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Song of Solomon is written by Toni Morrison who is the first black woman to have won a Nobel prize in 1993 for literature. Who was raised in a house that was familiar with keeping them selves entertained through listening to stories and then having to add to them. Song of Solomon is Morrisons third novel and was contrived by being challenged to push herself even harder when creating literary novels. This book has more characters and is considered to take the characters on longer journeys.
Milkman is the character that embarks on a journey from an inner disconnect and being dissatisfied with his external circumstances to digging up his true self and getting wise to his culture. Milkman in his endeavor learned more about who he is by getting out and discovering the world around him.
The beginning of the book describes Milkman as irresponsible and somewhat of a wino he spends time drinking booze and dodging responsibility. Delicious as the day turned out to be for Milkman, it was even more so because it included secrecy and defiance.
Both of which dissipated within an hour of his fathers return. (Morrison pg. 49) Which brings me to a character that helped shape Milkman into the guy he was and that would be his father. His father is bitter and has little to no regard for woman or poor Africans. Macon was mostly interested in his finances and himself which left him little time for Milkman other than delegating errands. Milkman grew up in a community where there was a lot of white people and this led him to being picked on and bullied as a black.
This led to Milkman’s character being lost and immature with no regard for his future or no true knowledge of his past. Milkman was instructed to go to work after school and invest in his father’s future. Another interesting fact is that Milkman grew up watching his mother get abused and having her needs be dismissed by his father. The girls serve Milkman in the house hold which leads me to believe that Milkman learned this poor behavior towards woman from his father.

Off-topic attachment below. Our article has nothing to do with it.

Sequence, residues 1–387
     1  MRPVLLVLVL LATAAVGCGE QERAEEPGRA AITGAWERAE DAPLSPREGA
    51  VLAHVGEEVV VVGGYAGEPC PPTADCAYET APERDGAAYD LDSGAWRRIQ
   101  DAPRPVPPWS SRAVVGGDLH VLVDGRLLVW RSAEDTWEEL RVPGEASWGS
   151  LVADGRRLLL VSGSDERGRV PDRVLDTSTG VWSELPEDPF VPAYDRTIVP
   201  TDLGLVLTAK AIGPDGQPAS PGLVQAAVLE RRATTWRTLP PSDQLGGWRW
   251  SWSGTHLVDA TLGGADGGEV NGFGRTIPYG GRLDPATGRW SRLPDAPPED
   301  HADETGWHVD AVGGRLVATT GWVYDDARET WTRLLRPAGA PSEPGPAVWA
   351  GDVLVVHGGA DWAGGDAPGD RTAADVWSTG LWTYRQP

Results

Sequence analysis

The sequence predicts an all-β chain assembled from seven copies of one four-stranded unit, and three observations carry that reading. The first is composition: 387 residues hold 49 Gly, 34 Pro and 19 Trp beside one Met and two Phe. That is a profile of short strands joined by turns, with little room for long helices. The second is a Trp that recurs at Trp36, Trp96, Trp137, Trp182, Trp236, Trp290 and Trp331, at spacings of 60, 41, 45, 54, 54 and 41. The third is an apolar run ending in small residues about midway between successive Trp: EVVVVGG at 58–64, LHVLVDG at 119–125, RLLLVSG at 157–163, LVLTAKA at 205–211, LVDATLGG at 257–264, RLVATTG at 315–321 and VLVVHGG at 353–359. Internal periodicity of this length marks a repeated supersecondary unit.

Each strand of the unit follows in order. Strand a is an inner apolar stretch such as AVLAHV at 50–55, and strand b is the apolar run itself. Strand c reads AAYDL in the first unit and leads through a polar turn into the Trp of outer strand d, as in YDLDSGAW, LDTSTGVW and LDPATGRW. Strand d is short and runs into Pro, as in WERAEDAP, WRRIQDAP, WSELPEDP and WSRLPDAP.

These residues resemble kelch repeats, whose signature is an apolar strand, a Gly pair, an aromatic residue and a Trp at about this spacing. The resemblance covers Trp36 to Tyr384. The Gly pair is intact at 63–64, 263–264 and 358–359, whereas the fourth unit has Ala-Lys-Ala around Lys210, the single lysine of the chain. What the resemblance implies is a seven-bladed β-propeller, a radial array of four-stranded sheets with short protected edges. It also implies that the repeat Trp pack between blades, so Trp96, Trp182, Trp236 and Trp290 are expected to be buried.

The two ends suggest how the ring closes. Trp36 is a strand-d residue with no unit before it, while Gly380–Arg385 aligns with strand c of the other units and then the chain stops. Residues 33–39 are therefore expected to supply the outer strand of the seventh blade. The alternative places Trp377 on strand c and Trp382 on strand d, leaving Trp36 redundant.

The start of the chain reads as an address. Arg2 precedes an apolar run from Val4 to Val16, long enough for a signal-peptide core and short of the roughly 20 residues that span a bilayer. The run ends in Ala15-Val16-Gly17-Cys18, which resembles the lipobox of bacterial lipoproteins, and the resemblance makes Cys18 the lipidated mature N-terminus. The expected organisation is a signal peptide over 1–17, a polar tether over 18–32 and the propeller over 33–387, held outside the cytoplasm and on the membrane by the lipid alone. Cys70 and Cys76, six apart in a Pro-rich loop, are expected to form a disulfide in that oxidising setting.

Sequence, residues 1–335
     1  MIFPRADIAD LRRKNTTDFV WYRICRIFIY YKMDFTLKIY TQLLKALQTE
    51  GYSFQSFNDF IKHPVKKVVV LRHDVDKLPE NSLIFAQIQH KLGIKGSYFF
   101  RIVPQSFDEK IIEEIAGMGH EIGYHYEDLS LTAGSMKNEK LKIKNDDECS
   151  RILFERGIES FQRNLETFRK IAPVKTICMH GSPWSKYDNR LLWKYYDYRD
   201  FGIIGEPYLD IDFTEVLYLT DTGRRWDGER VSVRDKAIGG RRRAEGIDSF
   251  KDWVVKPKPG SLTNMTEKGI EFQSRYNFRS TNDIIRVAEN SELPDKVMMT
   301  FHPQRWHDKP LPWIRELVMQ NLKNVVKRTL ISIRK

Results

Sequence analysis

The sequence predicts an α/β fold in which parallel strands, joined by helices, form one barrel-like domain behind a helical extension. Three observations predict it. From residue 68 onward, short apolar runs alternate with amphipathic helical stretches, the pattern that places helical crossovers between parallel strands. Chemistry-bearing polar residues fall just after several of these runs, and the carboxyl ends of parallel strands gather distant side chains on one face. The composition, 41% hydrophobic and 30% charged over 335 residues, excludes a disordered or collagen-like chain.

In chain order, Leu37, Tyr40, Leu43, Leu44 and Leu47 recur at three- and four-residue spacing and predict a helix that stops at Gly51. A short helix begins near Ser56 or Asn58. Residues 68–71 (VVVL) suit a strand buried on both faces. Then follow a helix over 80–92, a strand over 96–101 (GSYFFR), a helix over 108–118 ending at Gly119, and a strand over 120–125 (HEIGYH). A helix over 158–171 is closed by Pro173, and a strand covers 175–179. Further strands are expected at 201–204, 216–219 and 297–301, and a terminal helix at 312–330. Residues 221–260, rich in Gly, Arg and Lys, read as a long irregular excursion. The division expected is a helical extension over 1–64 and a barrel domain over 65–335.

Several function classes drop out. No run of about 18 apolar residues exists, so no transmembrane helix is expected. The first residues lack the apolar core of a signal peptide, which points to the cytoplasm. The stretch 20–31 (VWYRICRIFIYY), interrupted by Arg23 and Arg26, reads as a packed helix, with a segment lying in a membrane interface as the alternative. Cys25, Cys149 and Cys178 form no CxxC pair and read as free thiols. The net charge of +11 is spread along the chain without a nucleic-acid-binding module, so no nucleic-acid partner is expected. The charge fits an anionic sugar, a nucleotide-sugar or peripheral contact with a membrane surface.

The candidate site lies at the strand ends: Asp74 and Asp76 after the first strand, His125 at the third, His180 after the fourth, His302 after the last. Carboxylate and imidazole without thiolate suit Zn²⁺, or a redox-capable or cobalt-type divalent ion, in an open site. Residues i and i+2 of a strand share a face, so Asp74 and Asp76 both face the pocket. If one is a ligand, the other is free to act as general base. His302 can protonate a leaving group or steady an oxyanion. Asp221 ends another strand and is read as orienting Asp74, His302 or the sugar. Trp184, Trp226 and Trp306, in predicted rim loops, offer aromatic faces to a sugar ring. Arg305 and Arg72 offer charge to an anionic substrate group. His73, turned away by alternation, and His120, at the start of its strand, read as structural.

There is a part of the book that would spark Milkman curiosity and led him to spend more time with his aunt Pilate here he is 13 and here he meets the character of Hagar, where he begins somewhat of a dynamic. At this point Milkman is caught at Pilate and Macon calls her a snake and speaks ill of her but does not tell Milkman why she is a snake. Milkman was picking up rents and even more opportunities to drink and spend time with his friend Guitar who was the exact opposite of Milkman but did introduce him to his aunt. Even after being caught by his father drinking and then the intimate conversation Milkman found himself picking up behaviors that would, at first glance take him even future away from who he is. Contrary to what his father hoped, there was more time to visit the wine house. (Morrison Pg 57).
The story goes on and Milkman finds himself trying to leave the grip of his father, he is 30 and he is quite pathetic not having his own purpose and asking for his fathers blessing to leave at this age. His father does what he does best and tries to guilt Milkman into abandoning himself and serving his father. Here on page 163 we find Milkman gaining a sense of confidence when he tells his father the following “I’m not leaving the country; I just want to be on my own. Get a job, live on my own. You did it at 16 Guitar at 17”. (Morrison 163) Milkman is 30 years old when he has this conversation which is a testament to character of milkman who does not allow the reader to capture what he cares about. He has been blind to those things himself. The storyline brings this Milkman to places he could have never imagined. For instance, the Bobcat hunting where he is invited by Omar and who is only a spectator to Milkman at first then becomes an instrument that helps him discover some of his worth. “It took Milkman a while to figure out how to pick up his feet and miss the roots and stones; to distinguish a tree from a shadow; to keep his head down and away from the branches that swept back from Calvin’s into his face” (Morrison 273) This passage clearly shows how much he was neglected during his upbringing he is 30 years old and has no life experience. He has truly been damaged in the pursuing his fathers’ dreams.
Even the smallest of obstacles like realizing that your unable to navigate the woods at age 30 helped Milkman become a man and even learn to relate to himself and the newly discovered world around him.
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